- Transurethral Incision of the Prostate (TUIP)- TUIP is used to widen the urethra in case the size of the prostate is not significant but causes blockage. After the patient is administered with general anesthesia, the surgeon inserts a light scope to cut the tissues around the prostate gland to release the pressure of the prostate on the urethra. The patient generally finds it easier to urinate after the procedure. The surgeon may choose to leave the catheter in the bladder for a day or two after the surgery to drain the bladder.
- Transurethral microwave thermotherapy (TUMT)- In this procedure, the urologist inserts a catheter through the urethra to reach the prostate. An ‘antenna’ then sends microwaves through the catheter to heat the parts of the prostate that destroys the enlarged tissues to ease the flow of the urine. The surgeon uses a cooling system around the urinary tract that protects it from heat damage. TUMT is a low-risk procedure that may take time before the patient notices any results.
- Prostatectomy- This surgery aims to remove the entire prostate gland with either laparoscopic or robot-assisted technique. The surgeon makes an incision in your lower abdomen to reach the prostate and remove the surrounding tissues. It is generally done for very large prostate or other complicating factors. However, it has long-term benefits that may require a few days hospital stay after the surgery depending on the medical condition of the patient.
Laser surgeries - These are advanced surgeries that use high-energy lasers to destroy or remove the tissues around the enlarged prostate. Patients who undergo laser therapy procedures often feel instant relief. Moreover, laser surgeries have a lower risk of side effects than minimally invasive surgeries. Some of the advanced laser techniques for laser BPH procedures are-
- Photoselective Vaporization (PVP) - PVP is an advanced method to vapourize prostate tissues using a high-powered laser. It is an outpatient procedure which means the patient can go home on the same day of surgery after consulting with the doctor. This method causes minimal blood loss and the patient can recover quickly to resume his daily routine.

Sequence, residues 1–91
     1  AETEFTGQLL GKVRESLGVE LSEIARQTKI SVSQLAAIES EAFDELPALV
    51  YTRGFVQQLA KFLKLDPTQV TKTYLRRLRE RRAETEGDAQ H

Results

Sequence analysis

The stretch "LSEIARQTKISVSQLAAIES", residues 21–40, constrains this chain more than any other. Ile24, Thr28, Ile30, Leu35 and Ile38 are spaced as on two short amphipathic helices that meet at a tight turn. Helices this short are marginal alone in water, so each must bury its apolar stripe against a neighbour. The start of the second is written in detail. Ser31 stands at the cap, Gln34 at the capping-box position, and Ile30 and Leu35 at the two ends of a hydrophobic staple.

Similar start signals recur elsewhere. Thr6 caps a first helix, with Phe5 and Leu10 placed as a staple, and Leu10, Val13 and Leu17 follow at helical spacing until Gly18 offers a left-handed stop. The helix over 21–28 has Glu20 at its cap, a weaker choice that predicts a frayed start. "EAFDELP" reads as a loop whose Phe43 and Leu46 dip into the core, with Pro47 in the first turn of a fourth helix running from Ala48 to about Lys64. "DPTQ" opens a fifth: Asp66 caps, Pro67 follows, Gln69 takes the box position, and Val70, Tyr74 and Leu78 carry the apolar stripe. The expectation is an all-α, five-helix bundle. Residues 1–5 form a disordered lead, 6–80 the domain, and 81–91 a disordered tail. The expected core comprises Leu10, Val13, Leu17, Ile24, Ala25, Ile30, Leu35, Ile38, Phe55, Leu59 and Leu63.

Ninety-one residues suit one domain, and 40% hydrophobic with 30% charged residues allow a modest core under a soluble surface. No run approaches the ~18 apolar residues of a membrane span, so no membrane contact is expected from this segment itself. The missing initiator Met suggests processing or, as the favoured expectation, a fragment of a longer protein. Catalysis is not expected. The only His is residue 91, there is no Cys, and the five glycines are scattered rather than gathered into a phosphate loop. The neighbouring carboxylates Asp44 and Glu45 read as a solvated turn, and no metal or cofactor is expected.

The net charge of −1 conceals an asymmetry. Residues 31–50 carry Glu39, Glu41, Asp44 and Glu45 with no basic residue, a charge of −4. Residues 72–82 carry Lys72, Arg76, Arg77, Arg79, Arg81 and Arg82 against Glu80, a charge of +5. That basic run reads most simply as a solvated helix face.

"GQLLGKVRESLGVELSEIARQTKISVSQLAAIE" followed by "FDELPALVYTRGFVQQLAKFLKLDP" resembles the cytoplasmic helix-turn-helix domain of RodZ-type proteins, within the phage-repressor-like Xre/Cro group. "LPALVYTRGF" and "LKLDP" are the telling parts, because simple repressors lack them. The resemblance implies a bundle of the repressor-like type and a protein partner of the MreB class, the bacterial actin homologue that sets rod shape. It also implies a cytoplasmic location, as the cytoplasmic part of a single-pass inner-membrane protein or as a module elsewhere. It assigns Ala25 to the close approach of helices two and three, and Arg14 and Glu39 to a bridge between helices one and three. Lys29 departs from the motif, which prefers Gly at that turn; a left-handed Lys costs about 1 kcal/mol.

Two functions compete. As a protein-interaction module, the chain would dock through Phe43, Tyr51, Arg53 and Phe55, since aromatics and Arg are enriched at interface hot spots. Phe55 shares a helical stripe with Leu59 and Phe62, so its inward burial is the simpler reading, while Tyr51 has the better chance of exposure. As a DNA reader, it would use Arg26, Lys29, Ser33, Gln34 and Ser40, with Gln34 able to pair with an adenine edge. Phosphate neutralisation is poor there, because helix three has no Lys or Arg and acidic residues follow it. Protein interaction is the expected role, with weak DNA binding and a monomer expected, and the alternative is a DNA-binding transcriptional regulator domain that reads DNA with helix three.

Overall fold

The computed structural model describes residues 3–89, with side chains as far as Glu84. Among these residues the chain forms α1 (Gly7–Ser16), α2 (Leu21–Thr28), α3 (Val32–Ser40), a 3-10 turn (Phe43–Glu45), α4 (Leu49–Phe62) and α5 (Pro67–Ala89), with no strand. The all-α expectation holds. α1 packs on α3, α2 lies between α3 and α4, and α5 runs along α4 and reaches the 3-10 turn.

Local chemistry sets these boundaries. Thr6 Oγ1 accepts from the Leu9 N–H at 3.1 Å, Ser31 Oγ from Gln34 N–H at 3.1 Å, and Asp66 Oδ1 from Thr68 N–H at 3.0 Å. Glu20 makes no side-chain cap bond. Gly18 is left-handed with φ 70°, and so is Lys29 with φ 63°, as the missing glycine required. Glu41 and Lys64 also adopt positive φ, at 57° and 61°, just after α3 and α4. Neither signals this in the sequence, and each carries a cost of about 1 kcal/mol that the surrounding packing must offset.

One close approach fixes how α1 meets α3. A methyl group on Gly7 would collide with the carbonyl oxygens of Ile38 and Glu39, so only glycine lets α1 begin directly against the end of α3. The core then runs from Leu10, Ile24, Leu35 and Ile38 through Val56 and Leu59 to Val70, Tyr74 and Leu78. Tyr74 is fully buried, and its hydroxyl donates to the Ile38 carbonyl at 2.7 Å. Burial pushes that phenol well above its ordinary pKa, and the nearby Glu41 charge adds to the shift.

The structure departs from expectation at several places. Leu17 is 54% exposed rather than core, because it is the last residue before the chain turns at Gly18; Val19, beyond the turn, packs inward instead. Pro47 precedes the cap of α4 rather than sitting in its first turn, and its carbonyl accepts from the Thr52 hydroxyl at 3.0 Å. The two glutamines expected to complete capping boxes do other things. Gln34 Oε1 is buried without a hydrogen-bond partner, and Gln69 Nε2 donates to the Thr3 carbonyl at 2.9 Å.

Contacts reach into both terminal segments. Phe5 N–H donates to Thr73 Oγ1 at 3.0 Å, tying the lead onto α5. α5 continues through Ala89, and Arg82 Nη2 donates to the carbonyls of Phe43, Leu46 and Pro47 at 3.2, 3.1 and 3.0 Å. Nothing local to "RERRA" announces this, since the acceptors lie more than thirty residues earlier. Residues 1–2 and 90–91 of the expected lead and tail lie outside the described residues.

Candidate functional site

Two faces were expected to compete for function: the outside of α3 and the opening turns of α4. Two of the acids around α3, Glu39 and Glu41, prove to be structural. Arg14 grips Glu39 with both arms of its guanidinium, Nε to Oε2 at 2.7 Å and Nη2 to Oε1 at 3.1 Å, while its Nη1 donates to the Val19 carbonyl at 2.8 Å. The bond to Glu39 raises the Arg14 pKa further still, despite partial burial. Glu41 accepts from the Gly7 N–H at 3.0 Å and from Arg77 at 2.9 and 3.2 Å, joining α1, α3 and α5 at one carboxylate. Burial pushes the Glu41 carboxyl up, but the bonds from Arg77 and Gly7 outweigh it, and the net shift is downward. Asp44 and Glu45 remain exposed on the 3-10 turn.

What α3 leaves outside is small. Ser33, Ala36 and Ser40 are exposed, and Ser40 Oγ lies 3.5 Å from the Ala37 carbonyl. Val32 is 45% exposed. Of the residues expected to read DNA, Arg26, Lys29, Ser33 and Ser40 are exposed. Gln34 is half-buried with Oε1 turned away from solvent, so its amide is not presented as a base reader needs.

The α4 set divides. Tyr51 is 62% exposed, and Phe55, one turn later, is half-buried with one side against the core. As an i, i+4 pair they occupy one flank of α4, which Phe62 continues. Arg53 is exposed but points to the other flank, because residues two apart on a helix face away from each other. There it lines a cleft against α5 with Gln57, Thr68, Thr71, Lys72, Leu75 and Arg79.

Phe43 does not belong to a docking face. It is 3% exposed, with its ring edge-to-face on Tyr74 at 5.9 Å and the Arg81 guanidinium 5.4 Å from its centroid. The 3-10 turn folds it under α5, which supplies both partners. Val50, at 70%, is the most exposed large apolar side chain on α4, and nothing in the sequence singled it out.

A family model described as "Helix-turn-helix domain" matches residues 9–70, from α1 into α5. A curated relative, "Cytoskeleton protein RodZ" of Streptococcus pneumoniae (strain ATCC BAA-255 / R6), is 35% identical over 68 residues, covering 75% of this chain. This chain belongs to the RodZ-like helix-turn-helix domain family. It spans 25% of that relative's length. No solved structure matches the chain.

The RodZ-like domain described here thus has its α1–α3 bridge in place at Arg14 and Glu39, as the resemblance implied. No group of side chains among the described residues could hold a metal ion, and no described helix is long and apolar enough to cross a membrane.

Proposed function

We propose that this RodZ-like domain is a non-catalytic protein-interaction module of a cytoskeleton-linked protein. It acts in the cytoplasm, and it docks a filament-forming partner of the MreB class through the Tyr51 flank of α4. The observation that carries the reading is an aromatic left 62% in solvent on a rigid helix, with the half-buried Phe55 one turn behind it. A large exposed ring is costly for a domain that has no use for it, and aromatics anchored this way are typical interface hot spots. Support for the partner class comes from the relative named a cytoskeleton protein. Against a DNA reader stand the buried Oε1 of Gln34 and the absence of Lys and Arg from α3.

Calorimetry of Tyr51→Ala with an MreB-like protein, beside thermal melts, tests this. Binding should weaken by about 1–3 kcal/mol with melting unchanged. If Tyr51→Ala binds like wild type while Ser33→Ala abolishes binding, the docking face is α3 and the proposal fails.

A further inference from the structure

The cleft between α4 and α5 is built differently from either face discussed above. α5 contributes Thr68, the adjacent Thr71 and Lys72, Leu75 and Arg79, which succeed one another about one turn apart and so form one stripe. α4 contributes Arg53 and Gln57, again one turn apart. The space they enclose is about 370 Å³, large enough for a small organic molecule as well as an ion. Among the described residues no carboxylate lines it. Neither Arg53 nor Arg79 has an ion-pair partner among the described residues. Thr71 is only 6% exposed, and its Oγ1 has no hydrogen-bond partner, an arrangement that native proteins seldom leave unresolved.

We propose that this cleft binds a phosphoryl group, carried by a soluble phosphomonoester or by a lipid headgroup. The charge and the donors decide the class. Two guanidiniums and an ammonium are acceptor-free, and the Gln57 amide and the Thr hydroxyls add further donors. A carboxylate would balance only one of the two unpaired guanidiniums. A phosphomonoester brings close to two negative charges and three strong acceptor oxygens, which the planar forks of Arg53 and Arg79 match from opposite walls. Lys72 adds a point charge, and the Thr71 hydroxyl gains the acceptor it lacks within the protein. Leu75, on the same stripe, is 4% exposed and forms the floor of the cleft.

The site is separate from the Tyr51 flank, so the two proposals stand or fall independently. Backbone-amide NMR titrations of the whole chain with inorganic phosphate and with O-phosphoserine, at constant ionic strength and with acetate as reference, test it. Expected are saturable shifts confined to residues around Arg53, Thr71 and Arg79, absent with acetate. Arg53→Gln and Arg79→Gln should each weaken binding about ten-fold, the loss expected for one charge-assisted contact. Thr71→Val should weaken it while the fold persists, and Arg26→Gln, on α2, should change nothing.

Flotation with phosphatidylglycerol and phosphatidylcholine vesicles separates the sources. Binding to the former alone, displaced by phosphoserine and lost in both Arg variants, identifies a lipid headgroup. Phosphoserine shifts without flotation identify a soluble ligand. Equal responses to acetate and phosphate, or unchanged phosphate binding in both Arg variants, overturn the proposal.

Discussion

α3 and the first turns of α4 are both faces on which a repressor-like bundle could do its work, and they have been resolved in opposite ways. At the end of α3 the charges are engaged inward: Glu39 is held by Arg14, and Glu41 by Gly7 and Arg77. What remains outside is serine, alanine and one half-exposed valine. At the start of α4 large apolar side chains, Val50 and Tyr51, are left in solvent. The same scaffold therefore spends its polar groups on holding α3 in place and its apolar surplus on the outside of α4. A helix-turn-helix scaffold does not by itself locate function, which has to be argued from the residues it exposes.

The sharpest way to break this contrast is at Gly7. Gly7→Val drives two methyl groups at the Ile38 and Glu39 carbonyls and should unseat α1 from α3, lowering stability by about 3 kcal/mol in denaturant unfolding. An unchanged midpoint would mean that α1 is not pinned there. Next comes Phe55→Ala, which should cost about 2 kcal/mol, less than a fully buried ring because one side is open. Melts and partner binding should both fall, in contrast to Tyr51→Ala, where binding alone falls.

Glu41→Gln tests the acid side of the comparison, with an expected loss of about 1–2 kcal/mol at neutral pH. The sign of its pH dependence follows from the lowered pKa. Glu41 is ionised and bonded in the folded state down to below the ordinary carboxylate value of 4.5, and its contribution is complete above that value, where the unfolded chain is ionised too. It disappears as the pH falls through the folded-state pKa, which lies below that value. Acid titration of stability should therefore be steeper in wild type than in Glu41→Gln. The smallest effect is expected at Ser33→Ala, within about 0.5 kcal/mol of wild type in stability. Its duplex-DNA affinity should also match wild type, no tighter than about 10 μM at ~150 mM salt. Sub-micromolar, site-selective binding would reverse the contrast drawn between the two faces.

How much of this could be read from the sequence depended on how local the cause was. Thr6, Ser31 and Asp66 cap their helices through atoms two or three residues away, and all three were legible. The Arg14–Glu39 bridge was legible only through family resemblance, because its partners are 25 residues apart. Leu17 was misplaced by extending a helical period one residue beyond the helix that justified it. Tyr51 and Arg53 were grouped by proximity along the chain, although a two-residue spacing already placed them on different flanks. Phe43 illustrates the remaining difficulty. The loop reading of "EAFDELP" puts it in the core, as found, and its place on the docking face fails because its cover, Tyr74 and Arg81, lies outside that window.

- Holmium Laser Enucleation of Prostate (HOLEP) - In this procedure, the urologist inserts a thin, tube-like instrument called a resectoscope through the penis and into the urethra. A laser is used to destroy the excess prostate tissue without the need for any incision or cuts. The patient is administered with general anesthesia for a painless procedure. The surgeon may choose to use a catheter which is usually removed the next day of the surgery.
- Thulium Laser Enucleation of the Prostate (ThuLEP) - This is a similar procedure to HOLEP, except for the difference in the type of laser used. The surgeon inserts a resectoscope through the penis and into the urethra. A laser inserted into the resectoscope that destroys the enlarged prostate to reduce the pressure on the urethra. There are no incisions and the patient is administered with general anesthesia before the surgery for a painless procedure.
- Medications - Doctors generally prescribe medications to treat men with mild to moderate symptoms of BPH. These medicines ease the symptoms by calming the muscles in the prostate and bladder. However, there may be some side effects related to corresponding medications depending on the condition and severity of the disease. Some categories of medications prescribed by the doctor for BPH include-
- 5-Alpha Reductase Inhibitors [5-ARIs]
- Tadalafil (Cialis)